By Skills

The principles that govern my work with husbands include the necessity of self-awareness, self-care, and personal development.

The trauma inflicted by childhood sexual abuse and the long-term effects endured by survivors of abuse imposes unwanted challenges for both the survivor and spouse. I work with husbands of childhood sexual abuse survivors, helping them navigate in their marriage relationship in such a way that can foster both marital and personal health and growth. The principles that govern my work with husbands include the necessity of self-awareness, self-care, and personal development.  

Self-awareness
is a component of empathy. Empathy is knowing what it is to be in my wife’s
shoes while simultaneously knowing what it is to be in my shoes. Understanding
the trauma of abuse and its long-term effects can lead to a knowledge of what
life is like for our wives. Knowing myself – my needs, desires, inclinations,
motivations, etc. – can guard me from being enmeshed in my wife and reveals
what it is to be on the other side of me.

Self-care
acknowledges the needs and desires of which I have become aware and endeavors
to meet those needs by engaging in
relationships and activities that are morally appropriate, physically healthy,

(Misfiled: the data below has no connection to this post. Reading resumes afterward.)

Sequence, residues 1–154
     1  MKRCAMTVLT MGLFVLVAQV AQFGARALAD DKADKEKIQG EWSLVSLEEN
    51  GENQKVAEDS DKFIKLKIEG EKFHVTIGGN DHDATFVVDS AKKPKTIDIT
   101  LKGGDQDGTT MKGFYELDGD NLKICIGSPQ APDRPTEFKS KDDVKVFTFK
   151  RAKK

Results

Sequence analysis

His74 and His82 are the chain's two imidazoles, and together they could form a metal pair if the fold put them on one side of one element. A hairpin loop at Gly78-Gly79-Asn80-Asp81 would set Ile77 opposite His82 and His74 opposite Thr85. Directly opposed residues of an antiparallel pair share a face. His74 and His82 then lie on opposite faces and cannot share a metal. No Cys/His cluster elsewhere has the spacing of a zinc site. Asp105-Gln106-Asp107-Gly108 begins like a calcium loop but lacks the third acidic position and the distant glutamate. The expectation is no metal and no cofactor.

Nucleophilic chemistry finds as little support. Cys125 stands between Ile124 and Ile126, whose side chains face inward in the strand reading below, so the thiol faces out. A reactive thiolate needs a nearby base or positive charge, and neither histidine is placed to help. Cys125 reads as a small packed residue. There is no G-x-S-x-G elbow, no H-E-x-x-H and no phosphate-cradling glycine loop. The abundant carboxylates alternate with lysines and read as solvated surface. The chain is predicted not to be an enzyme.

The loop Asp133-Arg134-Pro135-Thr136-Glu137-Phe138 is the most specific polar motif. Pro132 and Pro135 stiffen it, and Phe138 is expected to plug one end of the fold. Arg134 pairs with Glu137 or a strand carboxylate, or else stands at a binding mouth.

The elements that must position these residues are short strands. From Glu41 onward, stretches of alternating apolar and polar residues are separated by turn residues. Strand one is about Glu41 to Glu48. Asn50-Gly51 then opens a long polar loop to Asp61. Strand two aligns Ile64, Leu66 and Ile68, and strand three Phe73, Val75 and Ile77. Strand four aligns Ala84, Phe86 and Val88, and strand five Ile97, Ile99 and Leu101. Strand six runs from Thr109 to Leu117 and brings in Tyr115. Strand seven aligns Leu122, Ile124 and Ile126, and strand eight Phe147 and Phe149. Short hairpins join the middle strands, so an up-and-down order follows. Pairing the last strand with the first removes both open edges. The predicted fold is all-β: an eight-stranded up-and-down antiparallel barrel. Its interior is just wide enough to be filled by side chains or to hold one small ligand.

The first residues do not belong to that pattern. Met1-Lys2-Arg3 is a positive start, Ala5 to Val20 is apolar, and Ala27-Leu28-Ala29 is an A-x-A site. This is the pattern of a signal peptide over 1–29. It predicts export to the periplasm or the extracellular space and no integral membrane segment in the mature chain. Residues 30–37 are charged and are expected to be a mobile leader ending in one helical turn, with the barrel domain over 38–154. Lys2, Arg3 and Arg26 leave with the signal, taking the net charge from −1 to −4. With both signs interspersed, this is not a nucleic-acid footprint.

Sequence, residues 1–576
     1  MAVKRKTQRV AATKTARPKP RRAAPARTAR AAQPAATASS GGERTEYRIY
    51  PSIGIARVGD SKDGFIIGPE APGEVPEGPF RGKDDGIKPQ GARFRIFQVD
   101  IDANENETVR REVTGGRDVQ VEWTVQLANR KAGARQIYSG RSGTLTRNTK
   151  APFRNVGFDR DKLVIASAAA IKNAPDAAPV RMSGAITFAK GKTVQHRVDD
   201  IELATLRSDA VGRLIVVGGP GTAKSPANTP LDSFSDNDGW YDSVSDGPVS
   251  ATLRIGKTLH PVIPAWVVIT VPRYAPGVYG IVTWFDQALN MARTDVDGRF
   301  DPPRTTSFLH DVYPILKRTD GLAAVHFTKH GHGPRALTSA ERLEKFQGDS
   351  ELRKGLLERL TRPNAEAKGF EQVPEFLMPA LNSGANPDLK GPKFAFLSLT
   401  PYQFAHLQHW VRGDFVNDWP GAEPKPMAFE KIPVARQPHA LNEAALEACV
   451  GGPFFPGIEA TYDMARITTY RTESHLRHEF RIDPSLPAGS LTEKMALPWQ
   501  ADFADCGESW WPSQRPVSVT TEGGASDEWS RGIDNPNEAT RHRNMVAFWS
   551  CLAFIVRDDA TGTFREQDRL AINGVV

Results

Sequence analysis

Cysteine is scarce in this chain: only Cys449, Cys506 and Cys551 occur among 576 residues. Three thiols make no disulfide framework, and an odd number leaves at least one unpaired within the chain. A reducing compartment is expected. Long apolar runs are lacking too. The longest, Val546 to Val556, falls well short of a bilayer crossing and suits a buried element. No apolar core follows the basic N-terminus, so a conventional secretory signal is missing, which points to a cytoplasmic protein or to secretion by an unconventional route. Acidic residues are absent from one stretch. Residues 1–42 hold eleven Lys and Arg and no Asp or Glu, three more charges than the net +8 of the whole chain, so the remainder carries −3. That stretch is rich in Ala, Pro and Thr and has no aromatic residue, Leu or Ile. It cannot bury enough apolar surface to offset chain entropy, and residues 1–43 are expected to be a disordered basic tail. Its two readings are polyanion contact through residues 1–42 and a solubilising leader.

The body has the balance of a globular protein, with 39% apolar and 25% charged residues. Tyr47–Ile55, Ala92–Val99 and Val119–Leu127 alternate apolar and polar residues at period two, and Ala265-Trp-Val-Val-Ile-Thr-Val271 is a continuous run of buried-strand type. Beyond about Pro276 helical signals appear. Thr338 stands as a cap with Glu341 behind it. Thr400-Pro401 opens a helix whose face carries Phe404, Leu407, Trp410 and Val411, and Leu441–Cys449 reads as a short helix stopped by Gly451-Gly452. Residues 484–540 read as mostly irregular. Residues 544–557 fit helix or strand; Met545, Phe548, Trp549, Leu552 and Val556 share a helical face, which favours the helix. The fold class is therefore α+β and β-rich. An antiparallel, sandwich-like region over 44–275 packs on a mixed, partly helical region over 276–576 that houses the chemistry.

and emotionally rejuvenating.

The focus of this blog is on personal development. Researcher and speaker Kim Lear recently joined Cory Hepola on WCCO Radio in Minneapolis to talk about what she has learned about leadership and management in the workplace. At the end of the interview, Hepola asked Lear what one piece of advice she would give to people seeking a promotion or the job they really want. Her answer was the “ability to have a growth mindset.” The skills needed today are constantly changing, so one needs to be curious, able to change, and adapt.

The
value placed on personal development – a growth mindset – in the workplace is
also true for marriage and is especially applicable for marriages dealing with
the effects of childhood sexual abuse. Lear’s highlighting of being “curious,
able to change, and adapt” are as applicable to marriages impacted by childhood
sexual abuse as they are for the workplace.

Husbands of survivors need to be curious, able to change, and adapt.

1. Curious

Many
husbands of sexual abuse survivors read books on marriage in hopes of resolving
some of their marital issues but receive little or no benefit from those books.
One husband said, “I had to stop reading marriage improvement books, because it
made me bitter.” Unfortunately, the content in the general books on marriage falls
short of addressing the unique challenges for survivors of sexual abuse and
their spouses and can even leave them feeling more hopeless.

However,
there are available and valuable resources for husbands of survivors who are
curious to learn. Husbands of survivors can benefit through knowledge gained
from resources that specifically address the trauma of abuse, its effects, and
its impact on relationships. A few are listed at the conclusion of this blog.

Husbands of survivors can benefit through knowledge gained from resources that specifically address the trauma of abuse, its effects, and its impact on relationships.

Learning
about the effects of abuse enables spouses of survivors to understand the life
perspective that might be driving various behaviors, fears, and distortions of
the survivor.